Don't turn your back on the symptoms of psychosis: the results of a proof-of-principle, quasi-experimental intervention to reduce duration of untreated psychosis

Presentation First Author: 
Charlotte Connor

Introduction: The delay between the onset of a first episode of psychosis and receipt of treatment (DUP) has been consistently shown to predict poorer outcome for young people, however, no strategy to reduce DUP has been proven to be effective in the UK. This may be because DUP is an inherently complex construct with a variety of potential care pathway delays which may contribute to its duration. Our previous research identified that, in Birmingham, UK, long help-seeking delays and delays within mental health services were of prime concern in the care pathways of young people with long DUP. Objective: A proof-of-principle prospective study, targeting known sources of delay, to explore whether such initiatives can significantly reduce DUP in Birmingham, UK. Method: This was a quasi-experimental, proof-of-principle study, targeting mental health service delay and help-seeking delay through the introduction of a new youth access pathway for first-episode psychosis, alongside a psychosis awareness public heath campaign. Incident cases of first-episode psychosis from both areas were identified and their DUP and care pathways measured over the duration of the trial (July 2011 – Dec 2013). We also used extensive recent DUP data from the NIHR National EDEN study (Evaluating & Developing Early InterventioN Services) which was available to define the baseline. Results: The relative reduction in DUP in the intervention area, accounting for baseline period was 0.735 (95% CI 0.348 to 0.893; p=.0039) describing a clear relative reduction in DUP in the intervention area. Conclusion: Whilst our proof-of-principle trial did not include follow-up assessment of clinical symptoms or treatment outcome, issues which, given the evidence base, should be future priorities in future DUP research, the real world design of our proof-of-principle study was evidence based; targeting known sources of delay in our healthcare setting, firmly placed in the local context, with strong external validity, high quality collection of data from a baseline period and inclusion of a prospective control region, factors which will have served to increase the robustness of our evaluation. In light of these, we believe our findings to be promising and suggest that the methodology we have used may reduce the DUP of young people experiencing first-episode psychosis. Youth mental health is at the forefront of the UK political agenda and identification of an effective generalized methodology to reduce DUP, for use in a variety of healthcare contexts, sits well within this current political context.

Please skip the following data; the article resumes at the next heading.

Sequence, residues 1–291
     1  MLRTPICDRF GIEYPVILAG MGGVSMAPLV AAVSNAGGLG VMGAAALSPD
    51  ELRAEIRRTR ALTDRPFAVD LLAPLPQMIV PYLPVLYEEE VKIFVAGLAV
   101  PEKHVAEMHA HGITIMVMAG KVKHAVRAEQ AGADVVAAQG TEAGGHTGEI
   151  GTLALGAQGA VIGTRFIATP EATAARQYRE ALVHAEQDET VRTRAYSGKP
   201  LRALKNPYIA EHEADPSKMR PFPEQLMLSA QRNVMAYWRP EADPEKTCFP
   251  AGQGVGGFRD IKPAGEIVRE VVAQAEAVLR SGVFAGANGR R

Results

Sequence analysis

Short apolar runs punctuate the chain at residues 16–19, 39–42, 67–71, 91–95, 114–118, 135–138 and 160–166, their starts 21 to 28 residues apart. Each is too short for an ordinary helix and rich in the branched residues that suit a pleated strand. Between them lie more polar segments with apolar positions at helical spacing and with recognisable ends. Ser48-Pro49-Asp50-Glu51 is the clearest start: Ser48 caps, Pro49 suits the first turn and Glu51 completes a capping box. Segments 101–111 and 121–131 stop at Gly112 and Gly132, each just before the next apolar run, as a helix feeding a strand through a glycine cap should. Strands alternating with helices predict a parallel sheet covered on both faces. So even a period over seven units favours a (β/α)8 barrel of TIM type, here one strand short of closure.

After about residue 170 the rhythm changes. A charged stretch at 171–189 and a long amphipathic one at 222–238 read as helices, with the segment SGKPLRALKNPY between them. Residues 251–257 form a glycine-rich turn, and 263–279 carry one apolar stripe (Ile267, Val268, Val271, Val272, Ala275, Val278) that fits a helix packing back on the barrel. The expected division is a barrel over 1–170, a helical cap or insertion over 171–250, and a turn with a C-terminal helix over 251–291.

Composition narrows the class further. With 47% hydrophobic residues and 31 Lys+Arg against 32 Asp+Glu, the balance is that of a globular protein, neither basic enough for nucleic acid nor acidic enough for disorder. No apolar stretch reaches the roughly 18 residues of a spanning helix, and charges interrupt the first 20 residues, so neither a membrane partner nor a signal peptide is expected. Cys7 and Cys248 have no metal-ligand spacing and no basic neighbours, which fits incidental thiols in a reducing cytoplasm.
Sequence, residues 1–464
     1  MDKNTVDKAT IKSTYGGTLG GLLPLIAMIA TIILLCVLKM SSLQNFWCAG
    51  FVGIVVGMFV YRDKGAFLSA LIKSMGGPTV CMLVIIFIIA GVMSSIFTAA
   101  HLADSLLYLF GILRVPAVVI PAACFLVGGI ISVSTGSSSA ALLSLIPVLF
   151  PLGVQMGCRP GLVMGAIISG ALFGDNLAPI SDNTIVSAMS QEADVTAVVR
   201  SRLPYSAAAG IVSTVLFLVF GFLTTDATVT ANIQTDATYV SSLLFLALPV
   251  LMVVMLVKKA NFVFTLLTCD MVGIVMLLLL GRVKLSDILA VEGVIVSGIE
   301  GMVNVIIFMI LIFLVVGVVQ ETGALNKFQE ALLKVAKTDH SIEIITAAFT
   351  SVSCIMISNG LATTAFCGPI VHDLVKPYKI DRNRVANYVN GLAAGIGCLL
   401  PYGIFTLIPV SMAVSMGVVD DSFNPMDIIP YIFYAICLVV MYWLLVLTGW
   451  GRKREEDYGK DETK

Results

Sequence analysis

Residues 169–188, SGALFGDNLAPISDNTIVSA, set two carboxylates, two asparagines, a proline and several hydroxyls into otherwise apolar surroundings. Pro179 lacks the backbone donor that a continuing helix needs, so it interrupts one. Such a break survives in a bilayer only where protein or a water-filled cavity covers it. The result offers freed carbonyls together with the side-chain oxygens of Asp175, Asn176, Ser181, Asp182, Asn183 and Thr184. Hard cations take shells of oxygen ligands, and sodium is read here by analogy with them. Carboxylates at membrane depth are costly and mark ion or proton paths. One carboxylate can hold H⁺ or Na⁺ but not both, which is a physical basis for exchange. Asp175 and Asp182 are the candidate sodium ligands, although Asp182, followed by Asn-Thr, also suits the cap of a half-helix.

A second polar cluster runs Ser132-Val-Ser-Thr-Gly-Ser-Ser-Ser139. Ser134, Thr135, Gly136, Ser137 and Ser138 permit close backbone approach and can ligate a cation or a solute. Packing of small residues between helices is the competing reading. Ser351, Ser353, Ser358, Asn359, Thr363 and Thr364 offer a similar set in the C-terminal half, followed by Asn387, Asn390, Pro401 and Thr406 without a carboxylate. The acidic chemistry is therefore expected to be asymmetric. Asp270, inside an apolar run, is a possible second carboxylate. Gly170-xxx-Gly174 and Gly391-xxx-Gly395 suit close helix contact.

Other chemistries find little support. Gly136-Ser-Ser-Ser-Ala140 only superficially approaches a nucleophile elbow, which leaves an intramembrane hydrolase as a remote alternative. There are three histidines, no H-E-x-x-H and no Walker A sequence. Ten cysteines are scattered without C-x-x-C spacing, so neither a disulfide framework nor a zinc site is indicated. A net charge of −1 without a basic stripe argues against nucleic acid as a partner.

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Date of Presentation: 
10th Oct 2015
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